As the title suggests, skeletons are somehow a recurring theme in the the second feature film of director Craig Johnson. There are the Halloween skeletons for one, since that’s the period of the year in which our story takes place.
There are skeletons as a figurative reference to death, for both Milo and his twin sister Maggie have a flair for suicide attempts: a call from a hospital in Los Angeles stops Maggie from swallowing the pills she was about to ingest in order to end her life while informing her that her brother was just rescued from death after cutting his veins. After about ten years they haven’t spoken to each other, Maggie invites Milo to stay with her and her boy scout-ish husband Lance in their upstate New York hometown, where she still lives.
The major source of skeletons in the movie comes, though, from the twins’ closets. Both of them are struggling with partly untold problems that have been haunting them for years. Milo, openly gay, moved to Los Angeles in order to become an actor, but makes a living by waiting tables in a small Hollywood restaurant. He drinks maybe a little bit too much and seemingly never got over an affair with his high school English teacher. Maggie, apparently happily married, is secretly on birth control while her unaware, cheery husband, is convinced they’re trying to get a baby.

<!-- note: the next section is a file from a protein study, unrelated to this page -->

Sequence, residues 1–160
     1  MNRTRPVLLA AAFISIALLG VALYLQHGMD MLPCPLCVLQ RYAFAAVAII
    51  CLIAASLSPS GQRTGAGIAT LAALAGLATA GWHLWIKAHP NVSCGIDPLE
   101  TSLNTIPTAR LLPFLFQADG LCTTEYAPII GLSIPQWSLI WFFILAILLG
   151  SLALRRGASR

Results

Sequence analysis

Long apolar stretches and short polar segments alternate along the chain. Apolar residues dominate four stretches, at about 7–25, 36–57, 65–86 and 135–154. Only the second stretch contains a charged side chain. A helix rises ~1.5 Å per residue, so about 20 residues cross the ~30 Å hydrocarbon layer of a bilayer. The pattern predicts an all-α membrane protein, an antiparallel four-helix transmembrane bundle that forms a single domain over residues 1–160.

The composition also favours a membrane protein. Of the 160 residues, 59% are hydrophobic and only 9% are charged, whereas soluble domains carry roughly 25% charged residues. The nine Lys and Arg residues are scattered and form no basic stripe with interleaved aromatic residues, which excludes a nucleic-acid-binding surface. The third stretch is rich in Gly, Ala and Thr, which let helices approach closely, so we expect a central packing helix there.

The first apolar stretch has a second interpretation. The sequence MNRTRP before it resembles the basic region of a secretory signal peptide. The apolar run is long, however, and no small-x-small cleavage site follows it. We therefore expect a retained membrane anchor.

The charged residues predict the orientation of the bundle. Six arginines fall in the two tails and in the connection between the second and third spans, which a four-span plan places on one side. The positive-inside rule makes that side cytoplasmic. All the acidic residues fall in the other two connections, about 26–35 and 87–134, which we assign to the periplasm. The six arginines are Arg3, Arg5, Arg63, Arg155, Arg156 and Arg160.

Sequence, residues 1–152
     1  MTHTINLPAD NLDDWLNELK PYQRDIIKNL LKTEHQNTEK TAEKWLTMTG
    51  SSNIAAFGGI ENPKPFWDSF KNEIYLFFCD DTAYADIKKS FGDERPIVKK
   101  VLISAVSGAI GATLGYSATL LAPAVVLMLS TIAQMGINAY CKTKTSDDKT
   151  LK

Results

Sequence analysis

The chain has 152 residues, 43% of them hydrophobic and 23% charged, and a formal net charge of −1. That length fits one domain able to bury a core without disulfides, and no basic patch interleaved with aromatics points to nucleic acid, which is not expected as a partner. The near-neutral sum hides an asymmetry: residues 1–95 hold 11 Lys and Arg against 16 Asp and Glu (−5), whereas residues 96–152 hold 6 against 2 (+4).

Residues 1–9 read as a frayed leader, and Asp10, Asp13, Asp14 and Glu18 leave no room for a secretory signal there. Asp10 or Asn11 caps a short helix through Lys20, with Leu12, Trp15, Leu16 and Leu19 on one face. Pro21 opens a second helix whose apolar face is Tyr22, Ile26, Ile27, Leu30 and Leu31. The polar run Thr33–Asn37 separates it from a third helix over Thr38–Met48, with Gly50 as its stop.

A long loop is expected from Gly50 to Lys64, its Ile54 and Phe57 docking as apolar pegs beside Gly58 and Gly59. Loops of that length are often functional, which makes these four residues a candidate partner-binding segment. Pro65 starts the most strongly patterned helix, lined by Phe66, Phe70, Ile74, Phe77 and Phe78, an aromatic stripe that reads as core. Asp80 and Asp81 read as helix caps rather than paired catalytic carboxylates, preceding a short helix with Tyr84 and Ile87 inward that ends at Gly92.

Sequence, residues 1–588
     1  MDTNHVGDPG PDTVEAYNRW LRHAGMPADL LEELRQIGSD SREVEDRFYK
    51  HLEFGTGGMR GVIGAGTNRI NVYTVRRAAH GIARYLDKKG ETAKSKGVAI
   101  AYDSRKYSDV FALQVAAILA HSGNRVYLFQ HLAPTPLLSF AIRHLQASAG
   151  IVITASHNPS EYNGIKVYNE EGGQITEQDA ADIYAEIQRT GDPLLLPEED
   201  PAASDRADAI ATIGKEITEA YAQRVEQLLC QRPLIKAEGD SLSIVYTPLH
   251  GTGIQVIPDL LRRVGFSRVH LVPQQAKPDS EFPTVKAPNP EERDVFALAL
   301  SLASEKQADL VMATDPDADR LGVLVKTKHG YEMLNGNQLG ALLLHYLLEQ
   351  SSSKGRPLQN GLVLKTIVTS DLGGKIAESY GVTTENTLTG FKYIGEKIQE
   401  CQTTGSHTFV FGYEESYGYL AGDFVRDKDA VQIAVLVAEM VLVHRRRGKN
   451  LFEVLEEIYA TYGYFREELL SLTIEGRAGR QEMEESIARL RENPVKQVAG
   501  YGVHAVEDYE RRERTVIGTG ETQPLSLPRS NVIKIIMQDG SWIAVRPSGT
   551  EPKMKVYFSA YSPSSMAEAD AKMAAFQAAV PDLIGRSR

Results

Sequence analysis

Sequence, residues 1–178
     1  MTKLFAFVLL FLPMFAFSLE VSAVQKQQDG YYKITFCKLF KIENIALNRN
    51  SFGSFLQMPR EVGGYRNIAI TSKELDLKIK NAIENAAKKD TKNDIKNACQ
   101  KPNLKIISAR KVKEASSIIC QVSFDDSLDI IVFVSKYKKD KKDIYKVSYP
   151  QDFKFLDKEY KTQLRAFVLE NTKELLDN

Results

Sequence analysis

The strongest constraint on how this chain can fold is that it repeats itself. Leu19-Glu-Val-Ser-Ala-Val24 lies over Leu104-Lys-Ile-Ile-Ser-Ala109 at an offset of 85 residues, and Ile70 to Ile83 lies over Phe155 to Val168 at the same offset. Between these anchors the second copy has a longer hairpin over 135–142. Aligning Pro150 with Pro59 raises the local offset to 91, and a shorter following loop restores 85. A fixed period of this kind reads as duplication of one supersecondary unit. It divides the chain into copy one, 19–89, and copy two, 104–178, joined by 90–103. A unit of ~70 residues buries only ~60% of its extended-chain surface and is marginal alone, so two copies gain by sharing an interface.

Between Bill Hader and Kristen Wiig, who worked together for years as stand up comedians for Saturday Night Live, there’s a perfect chemistry: who loved them in the irreverent show will definitely not be disappointed by this enjoyable indie, which, despite the gloomy suicide leitmotiv, has a quite light-hearted tone and offers not a few hilarious moments, together with a nice portrait of the deep relationship between the two siblings. With all the “reunited family” love that flows through it, The Skeleton Twins slips however in some overly mushy moments. I won’t refrain from calling it a lovely movie, but film geeks be warned: the back flavor is very, very American.